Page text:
Two lots of ballet within a few days last week might have been overdoing it. But as a writer I know how important it is to keep the creative well topped up with new ideas, sensations and memories and two such completely different aspects of ballet so close together touched chords and left me with much to think about.
John’s inspired gift to celebrate our wedding anniversary was tickets to the Western Australian Ballet performance of Giselle, with music played by the Western Australian Symphony Orchestra.
I don’t often go to professional ballet performances, although I love it when I do. I’m certainly not in a position to judge a production. But I do know that John and I were spellbound from the second the curtain went up on Giselle, and we enjoyed every movement on stage until the end of many well-deserved curtain-calls.
According to a review in the Sydney Morning Herald following opening night, the production at His Majesty’s Theatre in Perth was very close to perfect. That is certainly how it felt for us.
Act I of this beautiful ballet is set in a village in Germany. A peasant girl, Giselle, falls in love with the disguised Prince Albrecht, who is engaged to a woman from his own social situation. Hilarion, a local lad who loves Giselle, is suspicious of the prince from the start. When he reveals Albrecht’s deception during the peasants’ celebration of the harvest, Giselle goes mad and dies of a broken heart.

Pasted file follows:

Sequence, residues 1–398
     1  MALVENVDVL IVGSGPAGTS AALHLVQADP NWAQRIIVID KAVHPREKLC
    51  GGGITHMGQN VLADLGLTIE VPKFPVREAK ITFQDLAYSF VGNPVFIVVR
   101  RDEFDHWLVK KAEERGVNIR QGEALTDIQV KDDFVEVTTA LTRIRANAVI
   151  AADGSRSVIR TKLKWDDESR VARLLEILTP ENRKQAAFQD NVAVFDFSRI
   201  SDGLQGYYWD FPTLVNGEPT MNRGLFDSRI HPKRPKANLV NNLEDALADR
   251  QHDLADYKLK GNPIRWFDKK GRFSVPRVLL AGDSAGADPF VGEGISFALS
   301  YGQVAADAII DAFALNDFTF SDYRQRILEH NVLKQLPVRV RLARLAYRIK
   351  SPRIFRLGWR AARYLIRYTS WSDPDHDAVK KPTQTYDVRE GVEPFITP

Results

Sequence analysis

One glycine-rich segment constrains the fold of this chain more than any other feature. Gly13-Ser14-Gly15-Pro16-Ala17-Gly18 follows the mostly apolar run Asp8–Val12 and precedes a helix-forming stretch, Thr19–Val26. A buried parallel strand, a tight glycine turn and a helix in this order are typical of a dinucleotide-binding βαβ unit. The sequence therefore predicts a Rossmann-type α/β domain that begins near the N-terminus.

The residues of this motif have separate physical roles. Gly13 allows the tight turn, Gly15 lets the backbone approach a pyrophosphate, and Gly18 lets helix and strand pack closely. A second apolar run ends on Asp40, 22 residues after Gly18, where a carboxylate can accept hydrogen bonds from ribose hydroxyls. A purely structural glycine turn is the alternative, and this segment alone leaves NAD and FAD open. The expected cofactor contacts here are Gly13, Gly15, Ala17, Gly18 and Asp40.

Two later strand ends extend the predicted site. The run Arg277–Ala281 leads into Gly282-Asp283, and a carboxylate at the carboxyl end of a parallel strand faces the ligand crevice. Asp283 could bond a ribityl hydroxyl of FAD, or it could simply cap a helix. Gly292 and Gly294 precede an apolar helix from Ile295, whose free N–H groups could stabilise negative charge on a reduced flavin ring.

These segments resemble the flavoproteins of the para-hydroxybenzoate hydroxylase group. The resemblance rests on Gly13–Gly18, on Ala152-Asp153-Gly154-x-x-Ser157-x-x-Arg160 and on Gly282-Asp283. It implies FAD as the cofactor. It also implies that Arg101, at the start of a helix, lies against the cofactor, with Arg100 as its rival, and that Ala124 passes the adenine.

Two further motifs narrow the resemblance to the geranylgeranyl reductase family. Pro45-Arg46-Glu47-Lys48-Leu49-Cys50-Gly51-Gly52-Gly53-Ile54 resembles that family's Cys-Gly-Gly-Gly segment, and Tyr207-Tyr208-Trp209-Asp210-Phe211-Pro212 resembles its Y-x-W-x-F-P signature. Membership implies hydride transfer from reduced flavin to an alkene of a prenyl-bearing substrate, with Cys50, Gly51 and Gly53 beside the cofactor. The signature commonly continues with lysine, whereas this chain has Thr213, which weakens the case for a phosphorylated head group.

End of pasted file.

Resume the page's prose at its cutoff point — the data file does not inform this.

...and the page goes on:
Act II takes place at her graveside in the forest.
The Wilis (the spirits of women who have died after being rejected by faithless lovers) chase Hilarion away from the grave. The Wilis dance in the moonlight, dressed in their wedding dresses. Out of revenge, they force any men who come into the forest to dance all night until they collapse and die.
Prince Albrecht, in remorse, brings lilies to Giselle’s grave, and Giselle’s spirit appears to him and forgives him his wrong-doing. However, the Wilis force both men to dance until they reach exhaustion. Hilarion dies, but Giselle’s love helps Albrecht to survive the night. The Wilis fade away as daylight breaks, the lovers make their peace and Giselle returns to her grave in tranquillity, leaving Albrecht alone in his sorrow.
While attending professional ballet may have been outside my usual circle of activities, I am certainly no stranger to other ballet classes and productions.
As a five-year-old over forty years ago, one of my sons insisted on attending ballet classes with a neighbour’s little girl. Many years later, he said that he thought his experience with ballet had been helpful in the development of his considerable skills as an Australian Rules football player.
These days we know that ballet lessons can be useful for football players. Ballet can help to improve their strength, increase flexibility and make them more agile, while providing a mind-body connection and reducing their risk of injury.